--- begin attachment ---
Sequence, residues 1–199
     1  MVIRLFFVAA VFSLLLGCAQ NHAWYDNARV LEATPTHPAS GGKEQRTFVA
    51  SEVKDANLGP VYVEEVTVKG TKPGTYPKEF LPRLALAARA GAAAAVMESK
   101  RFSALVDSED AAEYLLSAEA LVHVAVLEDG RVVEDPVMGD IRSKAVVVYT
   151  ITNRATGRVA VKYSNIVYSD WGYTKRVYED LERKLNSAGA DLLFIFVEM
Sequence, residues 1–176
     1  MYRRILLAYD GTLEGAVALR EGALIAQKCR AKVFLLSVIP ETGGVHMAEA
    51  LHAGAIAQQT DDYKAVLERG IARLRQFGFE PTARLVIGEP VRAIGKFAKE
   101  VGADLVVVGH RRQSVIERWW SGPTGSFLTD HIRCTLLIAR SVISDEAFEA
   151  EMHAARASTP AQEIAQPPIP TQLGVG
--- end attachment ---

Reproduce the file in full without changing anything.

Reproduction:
Sequence, residues 1–199
     1  MVIRLFFVAA VFSLLLGCAQ NHAWYDNARV LEATPTHPAS GGKEQRTFVA
    51  SEVKDANLGP VYVEEVTVKG TKPGTYPKEF LPRLALAARA GAAAAVMESK
   101  RFSALVDSED AAEYLLSAEA LVHVAVLEDG RVVEDPVMGD IRSKAVVVYT
   151  ITNRATGRVA VKYSNIVYSD WGYTKRVYED LERKLNSAGA DLLFIFVEM
Sequence, residues 1–176
     1  MYRRILLAYD GTLEGAVALR EGALIAQKCR AKVFLLSVIP ETGGVHMAEA
    51  LHAGAIAQQT DDYKAVLERG IARLRQFGFE PTARLVIGEP VRAIGKFAKE
   101  VGADLVVVGH RRQSVIERWW SGPTGSFLTD HIRCTLLIAR SVISDEAFEA
   151  EMHAARASTP AQEIAQPPIP TQLGVG